Solar Energy: An Overview of its Pros and Cons
By Jordan Kobernick, Staff Contributor
Alternative energy sources are gaining in popularity as fossil fuel sources dwindle, and people become more aware of the detrimental effects of high carbon dioxide emissions. Alternative energy sources include solar energy, wind power, ethanol biofuels, geothermal energy, and hydrogen fuel.
Solar energy is one of the most commonly recognized alternative energy sources. Most people think of solar energy as solar panels – “photovoltaic systems” – on buildings and houses. These solar panels are a type of active solar technique, which is the method of utilizing electrical or mechanical devices to convert the sun’s light and heat into electricity. Passive solar techniques, on the other hand, do not use such devices and are able to exploit the sun’s energy directly.
Although people have a cursory familiarity with solar energy, there are many advantages and disadvantages that people interested in utilizing solar energy should consider.
The renewability of solar energy differentiates it from other rapidly depleting energy sources (e.g., coal, oil, natural gas). As long as the sun shines, we can harness its light and convert it into electricity. While fossil fuels are diminishing, capitalizing on solar energy’s abundance can help ensure that future generations have energy.
This plentiful energy source can supply electricity to places all over the world and is virtually pollution and noise free. People are becoming more aware of how fossil fuel carbon dioxide emissions have contributed to global warming. Although there are emissions from manufacturing solar power systems, these emissions are miniscule in comparison to those that come from fossil fuels.
Using solar energy systems can also decrease electricity costs for individuals. In addition to directly reducing electricity costs to running a home or building, people can “sell” the excess energy.
In an attempt to reduce their dependence on coal, China recently installed 12GW of solar power, which is more than any country has established in a given year. Although this installation is a marked advancement, China still has issues connecting the solar energy to the grid; there are estimates that 30% of the recently installed solar power is awaiting connection to the grid. The country also continues to take the lead in expanding its capacity to burn fossil fuels.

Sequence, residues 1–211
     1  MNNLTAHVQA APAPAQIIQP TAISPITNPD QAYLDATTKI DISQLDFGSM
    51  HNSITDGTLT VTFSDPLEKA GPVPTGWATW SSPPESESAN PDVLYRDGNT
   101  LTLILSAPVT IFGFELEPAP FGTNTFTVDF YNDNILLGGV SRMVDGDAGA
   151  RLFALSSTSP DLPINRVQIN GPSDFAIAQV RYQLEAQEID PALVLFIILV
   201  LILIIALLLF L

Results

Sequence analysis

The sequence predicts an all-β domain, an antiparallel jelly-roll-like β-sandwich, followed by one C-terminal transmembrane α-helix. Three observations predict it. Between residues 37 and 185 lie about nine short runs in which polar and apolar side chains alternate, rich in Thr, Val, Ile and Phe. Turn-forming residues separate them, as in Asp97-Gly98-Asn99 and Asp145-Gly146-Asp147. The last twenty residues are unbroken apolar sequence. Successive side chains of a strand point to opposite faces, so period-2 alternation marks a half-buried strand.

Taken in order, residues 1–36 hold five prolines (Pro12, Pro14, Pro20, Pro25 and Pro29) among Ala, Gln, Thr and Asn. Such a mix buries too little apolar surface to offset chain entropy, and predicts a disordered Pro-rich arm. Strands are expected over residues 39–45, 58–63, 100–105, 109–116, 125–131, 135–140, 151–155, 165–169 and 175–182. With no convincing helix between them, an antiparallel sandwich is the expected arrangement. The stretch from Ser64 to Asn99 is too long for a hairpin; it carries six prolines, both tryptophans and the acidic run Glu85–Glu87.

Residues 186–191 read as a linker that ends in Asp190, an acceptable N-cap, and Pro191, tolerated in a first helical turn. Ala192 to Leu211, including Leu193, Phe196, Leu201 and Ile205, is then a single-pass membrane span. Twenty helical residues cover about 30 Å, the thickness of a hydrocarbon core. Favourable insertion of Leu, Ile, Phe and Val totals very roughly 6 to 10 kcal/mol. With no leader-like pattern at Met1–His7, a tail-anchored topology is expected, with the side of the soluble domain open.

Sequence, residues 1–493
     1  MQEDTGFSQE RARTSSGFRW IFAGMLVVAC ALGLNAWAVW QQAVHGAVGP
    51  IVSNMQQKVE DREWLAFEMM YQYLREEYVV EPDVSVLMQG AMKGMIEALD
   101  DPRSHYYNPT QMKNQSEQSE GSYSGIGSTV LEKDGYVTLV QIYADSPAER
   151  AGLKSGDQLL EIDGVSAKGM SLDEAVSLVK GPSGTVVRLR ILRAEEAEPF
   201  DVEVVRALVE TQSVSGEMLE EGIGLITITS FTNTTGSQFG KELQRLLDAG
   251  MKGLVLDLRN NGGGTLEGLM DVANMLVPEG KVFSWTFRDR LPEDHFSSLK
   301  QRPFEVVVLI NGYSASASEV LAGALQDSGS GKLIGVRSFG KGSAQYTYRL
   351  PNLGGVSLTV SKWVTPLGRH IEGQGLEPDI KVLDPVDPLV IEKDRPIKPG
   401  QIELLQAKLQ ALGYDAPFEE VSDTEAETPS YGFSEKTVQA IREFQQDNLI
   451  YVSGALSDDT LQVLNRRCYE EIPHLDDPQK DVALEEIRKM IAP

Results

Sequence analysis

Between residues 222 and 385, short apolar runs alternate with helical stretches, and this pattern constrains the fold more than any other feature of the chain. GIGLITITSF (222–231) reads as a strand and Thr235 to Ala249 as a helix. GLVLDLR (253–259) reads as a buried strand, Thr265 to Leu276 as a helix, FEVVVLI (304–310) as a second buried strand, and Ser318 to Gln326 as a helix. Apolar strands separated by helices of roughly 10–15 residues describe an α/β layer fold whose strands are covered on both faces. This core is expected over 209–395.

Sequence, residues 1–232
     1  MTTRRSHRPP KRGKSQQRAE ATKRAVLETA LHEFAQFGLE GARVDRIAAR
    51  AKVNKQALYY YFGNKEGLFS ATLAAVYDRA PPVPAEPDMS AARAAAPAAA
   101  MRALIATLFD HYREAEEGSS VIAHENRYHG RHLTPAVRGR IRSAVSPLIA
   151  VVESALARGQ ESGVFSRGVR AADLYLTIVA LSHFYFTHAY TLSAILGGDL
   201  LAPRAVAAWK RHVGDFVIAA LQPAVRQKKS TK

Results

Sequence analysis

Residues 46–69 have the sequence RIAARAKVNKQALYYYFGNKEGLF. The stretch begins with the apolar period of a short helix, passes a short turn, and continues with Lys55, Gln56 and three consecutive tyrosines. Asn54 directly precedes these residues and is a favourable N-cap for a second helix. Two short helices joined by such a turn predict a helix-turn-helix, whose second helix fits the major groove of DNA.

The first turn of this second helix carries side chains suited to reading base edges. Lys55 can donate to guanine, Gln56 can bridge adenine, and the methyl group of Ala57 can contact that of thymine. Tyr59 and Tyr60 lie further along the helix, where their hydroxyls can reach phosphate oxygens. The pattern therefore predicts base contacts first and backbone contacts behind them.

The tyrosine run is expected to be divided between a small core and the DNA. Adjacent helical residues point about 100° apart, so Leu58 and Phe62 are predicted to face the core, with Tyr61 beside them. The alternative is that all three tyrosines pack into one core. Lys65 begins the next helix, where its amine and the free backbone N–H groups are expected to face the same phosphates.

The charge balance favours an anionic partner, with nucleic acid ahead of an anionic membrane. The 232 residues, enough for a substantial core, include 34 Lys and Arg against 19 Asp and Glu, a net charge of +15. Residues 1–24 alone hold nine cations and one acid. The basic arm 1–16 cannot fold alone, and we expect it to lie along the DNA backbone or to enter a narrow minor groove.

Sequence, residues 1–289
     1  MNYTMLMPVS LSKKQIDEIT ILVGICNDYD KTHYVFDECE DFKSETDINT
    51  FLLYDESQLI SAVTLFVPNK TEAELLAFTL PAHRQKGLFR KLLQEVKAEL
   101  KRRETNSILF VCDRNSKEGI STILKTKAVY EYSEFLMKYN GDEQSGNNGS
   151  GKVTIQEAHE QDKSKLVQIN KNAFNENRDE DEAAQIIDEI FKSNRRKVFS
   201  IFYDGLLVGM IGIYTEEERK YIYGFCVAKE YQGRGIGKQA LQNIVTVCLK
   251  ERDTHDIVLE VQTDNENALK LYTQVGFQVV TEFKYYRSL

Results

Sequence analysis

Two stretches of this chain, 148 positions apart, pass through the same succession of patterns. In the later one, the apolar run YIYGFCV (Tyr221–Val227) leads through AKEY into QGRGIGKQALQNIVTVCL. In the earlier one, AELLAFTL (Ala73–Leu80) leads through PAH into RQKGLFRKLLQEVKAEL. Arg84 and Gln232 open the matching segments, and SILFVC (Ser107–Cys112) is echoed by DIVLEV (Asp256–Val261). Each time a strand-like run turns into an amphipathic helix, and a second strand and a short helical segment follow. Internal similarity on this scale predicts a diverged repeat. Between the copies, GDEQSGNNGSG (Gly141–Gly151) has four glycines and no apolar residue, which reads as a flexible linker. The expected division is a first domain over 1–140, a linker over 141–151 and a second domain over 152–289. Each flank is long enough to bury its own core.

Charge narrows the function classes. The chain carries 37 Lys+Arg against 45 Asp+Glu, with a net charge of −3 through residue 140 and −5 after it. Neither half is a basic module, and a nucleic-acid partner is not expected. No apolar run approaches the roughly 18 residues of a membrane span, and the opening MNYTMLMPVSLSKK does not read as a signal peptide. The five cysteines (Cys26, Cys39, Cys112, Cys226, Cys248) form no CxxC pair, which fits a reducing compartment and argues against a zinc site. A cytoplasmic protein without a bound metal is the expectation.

The most common argument against solar energy is the cost. For example, installing solar panels on a home can cost between $18,000 and $40,000. Depending on how long you stay in that home, you can potentially recoup these costs in the form of lower electricity bills and tax benefits. In addition to expensive installation, energy storage can also carry a high cost.
Another hiccup in using solar energy is that it is only available at certain times of the day (when it is sunny). Solar panels also require a lot of space to harness an adequate amount of energy; consequently, a big house or building is necessary to get the amount of power you use.
While people can still depend on obtaining credits for their solar energy, reducing their monthly electricity costs, there are debates in several states about the amount that people should receive. In Colorado, the state’s largest utility company is arguing that the 10.5-cent per kilowatt-hour credit is too high; they believe that a proper credit would be closer to 5 cents per kilowatt-hour. The Colorado Public Utilities Commission is currently reviewing the amount of credit that people receive. A similar debate is ongoing in California.
While solar energy has considerable disadvantages, its use continues to grow each year. China and the United States are major solar energy users and are expanding their solar energy markets. Though many resist the increasing prevalence of solar energy, it seems that there is no stopping its growth.